So, on to the main event. We sat down a few years ago and wrote our own bucket lists. We have tried over the past few years to cross off as much as we could – or at least plan opportunities to do so. My husband has been very determined, and especially as he is also coming up to the big 30 (see previous post on turning 30 and planning achievable goals) has been hammering his. Mine have ranged from the sublime to the absolute ridiculous, but one goal we both had in common was to see the northern lights.
We knew that catching even a glimpse of the aurora was not going to be a sure thing, and made sure that our expectations were kept to a minimum. However, with the greatest will in the world, that’s easier said than done.
There are hundreds of tour companies offering tours of all shapes and sizes – plus, there is the option of hiring a car and going solo. I wouldn’t necessarily recommend this option though, unless you’re a meteorology expert…or a psychic. Tour guides (generally) are the experts, and we were so extremely lucky to see what we did.
Tours were cancelled on the day we arrived due to cloud.
Most tour companies offer the opportunity to book onto the following night’s tour if yours is cancelled, so I strongly recommend booking your tour for the first night you arrive. You can also check the aurora forecast online, which helped us to manage our expectations up to a week before arriving.
We were told on the second night that we had 50/50 chance of seeing something, so tours went ahead. We had decided to book through Amazing Tours Iceland, who picked us up from our apartment in, what can only be described as a monster truck. We travelled in cohort with three other vehicles and our driver was fantastic. We left Reykjavik at 9.00pm and drove for approximately 90 minutes towards Vesturland, where there was a break in cloud and the only possibility of seeing the northern lights. However, hope faded slightly as we ventured further and further into the wilderness.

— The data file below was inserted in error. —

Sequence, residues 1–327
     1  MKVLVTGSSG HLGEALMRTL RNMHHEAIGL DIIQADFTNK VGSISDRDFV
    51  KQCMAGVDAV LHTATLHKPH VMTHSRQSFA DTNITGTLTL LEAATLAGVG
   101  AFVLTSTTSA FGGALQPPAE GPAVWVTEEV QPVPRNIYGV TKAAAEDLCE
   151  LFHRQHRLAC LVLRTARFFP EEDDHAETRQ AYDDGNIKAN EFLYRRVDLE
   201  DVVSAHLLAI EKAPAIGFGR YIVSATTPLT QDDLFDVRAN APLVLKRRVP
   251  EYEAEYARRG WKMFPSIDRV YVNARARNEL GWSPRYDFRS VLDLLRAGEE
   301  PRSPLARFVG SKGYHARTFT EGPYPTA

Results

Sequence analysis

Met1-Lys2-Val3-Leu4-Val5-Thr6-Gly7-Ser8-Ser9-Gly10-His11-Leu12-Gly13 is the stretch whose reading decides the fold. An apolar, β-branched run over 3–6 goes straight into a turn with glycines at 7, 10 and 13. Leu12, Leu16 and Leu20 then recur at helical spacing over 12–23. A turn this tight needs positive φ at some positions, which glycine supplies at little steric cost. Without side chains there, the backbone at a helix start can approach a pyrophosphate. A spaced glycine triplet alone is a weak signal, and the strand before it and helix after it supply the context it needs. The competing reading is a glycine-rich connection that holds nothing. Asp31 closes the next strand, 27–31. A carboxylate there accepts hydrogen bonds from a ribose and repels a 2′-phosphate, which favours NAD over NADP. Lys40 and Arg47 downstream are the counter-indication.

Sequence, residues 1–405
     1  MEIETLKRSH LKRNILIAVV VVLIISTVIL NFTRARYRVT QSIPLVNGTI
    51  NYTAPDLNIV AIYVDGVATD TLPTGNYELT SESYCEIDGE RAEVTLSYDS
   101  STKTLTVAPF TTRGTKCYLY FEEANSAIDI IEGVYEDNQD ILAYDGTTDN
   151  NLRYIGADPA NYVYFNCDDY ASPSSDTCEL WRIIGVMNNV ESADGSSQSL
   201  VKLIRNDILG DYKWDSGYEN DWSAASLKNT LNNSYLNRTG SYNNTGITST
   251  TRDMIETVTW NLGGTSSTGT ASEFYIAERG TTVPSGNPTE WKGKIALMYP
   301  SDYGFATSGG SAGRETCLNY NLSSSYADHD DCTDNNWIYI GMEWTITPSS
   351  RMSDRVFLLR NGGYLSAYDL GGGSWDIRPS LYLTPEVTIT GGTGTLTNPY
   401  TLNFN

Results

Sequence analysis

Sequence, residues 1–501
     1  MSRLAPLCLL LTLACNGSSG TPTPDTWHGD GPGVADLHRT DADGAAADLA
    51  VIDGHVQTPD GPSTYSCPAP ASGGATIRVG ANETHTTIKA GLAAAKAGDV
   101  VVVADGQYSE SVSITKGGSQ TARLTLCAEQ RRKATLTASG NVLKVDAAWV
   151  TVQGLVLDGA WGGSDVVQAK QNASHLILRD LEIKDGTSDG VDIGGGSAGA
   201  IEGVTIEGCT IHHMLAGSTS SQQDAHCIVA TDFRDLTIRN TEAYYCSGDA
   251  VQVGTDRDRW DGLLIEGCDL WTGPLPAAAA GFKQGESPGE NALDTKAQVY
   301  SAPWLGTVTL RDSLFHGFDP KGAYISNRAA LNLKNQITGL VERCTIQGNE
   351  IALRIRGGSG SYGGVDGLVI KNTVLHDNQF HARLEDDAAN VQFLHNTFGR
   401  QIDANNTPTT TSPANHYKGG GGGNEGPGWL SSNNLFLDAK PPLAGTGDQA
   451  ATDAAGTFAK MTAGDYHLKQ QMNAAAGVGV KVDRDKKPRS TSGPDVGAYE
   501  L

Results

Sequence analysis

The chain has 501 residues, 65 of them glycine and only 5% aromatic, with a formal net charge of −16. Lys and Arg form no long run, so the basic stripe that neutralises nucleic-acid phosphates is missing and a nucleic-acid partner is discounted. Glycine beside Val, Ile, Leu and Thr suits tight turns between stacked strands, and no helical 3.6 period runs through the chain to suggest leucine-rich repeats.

Shortly before 10.30pm, as luck would have it, the aurora appeared above us, dancing away.
Now. I have to say, it was not exactly what we expected. No bright colours, or powerful glow. I hope nobody thinks less of me for saying this, but I did half expect the northern lights scene from ‘The Snowman’. Alas, there was no dance of the snowmen. The aurora did reappear stronger and stronger in all different shapes and sizes and our driver did take photographs of all of us with his incredible camera, which showed the lights in all its glory – even if that wasn’t what we could see with the naked eye. I will warn you, to capture the aurora effectively, you will need some hefty photographic equipment. Maybe, as we had a fairly cloudy evening, it was extra difficult to take effective photographs. The team at Amazing Tours took some incredible footage, which they shared with us all for free via their Facebook page the following day. They are also keen to send high resolution copies to you directly on request – a good touch. Our driver was a professional photographer of the northern lights, therefore has a vested interest in finding them every night. This, we felt, gave us the upper hand in our chase, compared to the bigger operators in larger coaches.
The finale of mother nature’s natural light display was, by far, the best. The brightest, most colourful beam yet, danced and floated on the spot above us, like a mermaid’s tail, before disappearing for good.
An incredible experience, one we will never forget, we were lucky to see and has left us wanting more. Amazing Tours gave us the personal experience and expertise that we wanted, ensuring that if there was even the slightest opportunity to see the aurora, they would find it. Speaking to others, who had chosen the bigger tour companies, they had not been so lucky. The tours were cancelled again the following night.
The Magical Northern Lights from Amazing Tours cost 22.000ISK per person for approximately 4 hours. Pick up is from your hotel/apartment and if conditions are not right, tours are rescheduled for another night.